pubblicato da Cambridge University Press
Teachers of English need not only to have a good productive command of the language; they also need to know a good deal about the way the language works. This book asks: 'What is it that a teacher needs to know about English in order to teach it effectively?' It leads teachers to awareness of the language through a wide range of tasks which involve them in analysing English to discover its underlying system. The book consists of 28 units, each containing around ten tasks, plus a diagnostic introductory unit. Units start at phoneme level and progress through words, phrases and sentences on to complete texts. Task-types include recognition, categorisation, matching, explanation, and application tasks. Throughout the book, the language is illustrated wherever possible from authentic sources, so that the teacher can be sure that the English being studied represents current usage.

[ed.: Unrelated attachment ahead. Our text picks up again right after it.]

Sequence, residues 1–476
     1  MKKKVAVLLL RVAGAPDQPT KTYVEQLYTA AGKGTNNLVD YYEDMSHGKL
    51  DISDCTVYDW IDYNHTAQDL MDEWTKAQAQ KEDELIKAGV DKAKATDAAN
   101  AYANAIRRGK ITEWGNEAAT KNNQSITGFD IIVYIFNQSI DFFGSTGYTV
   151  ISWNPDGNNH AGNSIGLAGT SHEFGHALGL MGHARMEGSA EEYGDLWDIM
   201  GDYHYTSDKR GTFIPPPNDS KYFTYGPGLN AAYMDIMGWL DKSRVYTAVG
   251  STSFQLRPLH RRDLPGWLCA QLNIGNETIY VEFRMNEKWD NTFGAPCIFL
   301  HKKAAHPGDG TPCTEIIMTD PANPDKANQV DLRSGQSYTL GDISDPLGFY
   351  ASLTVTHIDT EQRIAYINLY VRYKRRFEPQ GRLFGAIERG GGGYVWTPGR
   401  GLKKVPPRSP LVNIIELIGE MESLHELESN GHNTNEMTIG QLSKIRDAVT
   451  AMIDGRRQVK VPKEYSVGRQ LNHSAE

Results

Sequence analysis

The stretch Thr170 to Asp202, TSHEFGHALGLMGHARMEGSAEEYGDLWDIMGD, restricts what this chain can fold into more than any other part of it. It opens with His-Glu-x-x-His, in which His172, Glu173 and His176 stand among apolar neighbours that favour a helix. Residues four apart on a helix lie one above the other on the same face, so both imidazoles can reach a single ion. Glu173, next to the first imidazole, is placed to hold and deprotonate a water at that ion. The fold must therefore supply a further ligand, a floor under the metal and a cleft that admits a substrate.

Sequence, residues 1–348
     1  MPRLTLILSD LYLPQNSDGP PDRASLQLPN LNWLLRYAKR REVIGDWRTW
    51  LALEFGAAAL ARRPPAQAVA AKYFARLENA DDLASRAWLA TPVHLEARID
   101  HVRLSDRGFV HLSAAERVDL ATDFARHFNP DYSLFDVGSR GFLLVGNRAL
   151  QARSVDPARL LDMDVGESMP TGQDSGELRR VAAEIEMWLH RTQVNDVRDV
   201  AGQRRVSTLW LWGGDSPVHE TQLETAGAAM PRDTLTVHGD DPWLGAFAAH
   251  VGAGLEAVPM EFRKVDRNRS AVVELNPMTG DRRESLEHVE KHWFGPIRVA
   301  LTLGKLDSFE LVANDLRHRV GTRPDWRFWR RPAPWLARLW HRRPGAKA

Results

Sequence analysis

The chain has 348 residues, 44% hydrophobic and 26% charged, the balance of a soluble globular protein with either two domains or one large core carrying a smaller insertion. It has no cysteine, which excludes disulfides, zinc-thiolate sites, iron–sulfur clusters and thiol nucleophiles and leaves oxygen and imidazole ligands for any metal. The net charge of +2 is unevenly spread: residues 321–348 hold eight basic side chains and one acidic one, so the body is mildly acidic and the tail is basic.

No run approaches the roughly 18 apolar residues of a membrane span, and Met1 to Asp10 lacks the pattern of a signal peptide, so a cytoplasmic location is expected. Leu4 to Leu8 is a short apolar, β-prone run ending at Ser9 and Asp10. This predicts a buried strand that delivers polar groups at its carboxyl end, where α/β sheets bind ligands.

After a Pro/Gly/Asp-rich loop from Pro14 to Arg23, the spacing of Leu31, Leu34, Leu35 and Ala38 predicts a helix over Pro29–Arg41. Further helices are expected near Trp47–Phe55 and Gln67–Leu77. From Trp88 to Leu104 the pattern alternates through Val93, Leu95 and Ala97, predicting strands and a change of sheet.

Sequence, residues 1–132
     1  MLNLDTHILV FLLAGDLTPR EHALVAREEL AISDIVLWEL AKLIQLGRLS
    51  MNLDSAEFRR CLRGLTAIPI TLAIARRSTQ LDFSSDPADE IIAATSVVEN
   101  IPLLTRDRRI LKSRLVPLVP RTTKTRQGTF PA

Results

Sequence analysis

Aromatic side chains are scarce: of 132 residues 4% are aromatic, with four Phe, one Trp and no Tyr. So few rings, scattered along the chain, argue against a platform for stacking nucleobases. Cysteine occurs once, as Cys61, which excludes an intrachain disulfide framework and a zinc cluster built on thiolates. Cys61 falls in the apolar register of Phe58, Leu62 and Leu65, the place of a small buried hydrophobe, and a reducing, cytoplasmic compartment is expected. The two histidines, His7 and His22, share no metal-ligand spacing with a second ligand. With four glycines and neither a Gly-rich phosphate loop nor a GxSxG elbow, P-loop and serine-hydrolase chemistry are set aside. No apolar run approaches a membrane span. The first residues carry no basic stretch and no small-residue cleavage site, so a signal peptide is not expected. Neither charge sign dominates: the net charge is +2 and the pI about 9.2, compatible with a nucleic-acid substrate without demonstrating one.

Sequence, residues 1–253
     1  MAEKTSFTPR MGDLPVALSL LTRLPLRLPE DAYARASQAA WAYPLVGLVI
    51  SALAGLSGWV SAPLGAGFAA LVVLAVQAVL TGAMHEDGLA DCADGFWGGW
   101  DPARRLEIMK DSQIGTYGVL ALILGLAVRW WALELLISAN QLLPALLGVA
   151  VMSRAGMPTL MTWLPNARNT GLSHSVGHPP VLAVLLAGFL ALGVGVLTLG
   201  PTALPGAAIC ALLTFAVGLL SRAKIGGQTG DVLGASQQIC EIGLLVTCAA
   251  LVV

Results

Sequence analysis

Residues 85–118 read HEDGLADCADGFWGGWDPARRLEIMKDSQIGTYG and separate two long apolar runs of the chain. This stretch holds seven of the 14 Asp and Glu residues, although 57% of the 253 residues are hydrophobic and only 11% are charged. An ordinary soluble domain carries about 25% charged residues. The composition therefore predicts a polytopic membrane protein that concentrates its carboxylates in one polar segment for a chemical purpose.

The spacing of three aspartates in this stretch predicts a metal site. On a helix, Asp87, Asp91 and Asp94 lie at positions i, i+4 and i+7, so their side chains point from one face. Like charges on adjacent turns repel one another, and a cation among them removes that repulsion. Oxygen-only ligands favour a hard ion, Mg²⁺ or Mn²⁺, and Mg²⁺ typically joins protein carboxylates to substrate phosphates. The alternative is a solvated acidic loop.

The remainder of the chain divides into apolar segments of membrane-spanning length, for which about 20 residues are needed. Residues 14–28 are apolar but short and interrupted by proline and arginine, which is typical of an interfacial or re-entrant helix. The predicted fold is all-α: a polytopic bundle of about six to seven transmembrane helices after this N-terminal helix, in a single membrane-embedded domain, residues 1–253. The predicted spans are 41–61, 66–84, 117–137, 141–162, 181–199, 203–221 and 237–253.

'Scott Thornbury's book is a major contribution to this understanding, process and strategy. About Language is definitely a book worth recommending to all teachers, both those with considerable experience and novices.' Folia Linguistica Anglica, Poland, 1999 'The book provides a great wealth of ideas and strategies, for use in teacher development programs ... The author and the publisher are to be congratulated on the production of such a useful book, which will be a valuable addition to the professional libraries of teachers and teacher educators.' VATME Newsletter, 1997 'I would have given my right arm for this book when I first entered the world of EFL. There are plenty of books that discuss what and how we should teach, and we seem to be swimming in books on grammar . What we don't have, however, are books designed to ease the novice teacher into the intimidating world of EFL 'grammarese'. About Language fill this gap. It is about the tools of our job: syllabuses, rules, functions, notions texts, phonology, morphology, sentences, grammar, cohesion, conversation and more.' BBC English, 1997 'I really felt that I was reading a book that has been written by somebody actively involved in the profession.' BBC English, 1997 'The book targets teacher trainees - indeed has been extensively trialled with classes of student teachers - but is also of value to teachers in any developmental program, native and non-native speakers, senior staff preparing inservice seminars and teachers in self-study. I have used it in a 'grammar clinic' context and found it both lucid and effective.' ' ... this is probably not a book that one would slavishly follow from Unit One onwards, but rather one that allows a dip-into-according-to-current-need approach. Recognising this, the organisation of the book facilitates the reference process; it is a model of clarity, and its index is a welcome addition.' 'Thornbury knows as much about how people learn about their language as he does about the language of English.' EA Journal Volume 15 no 2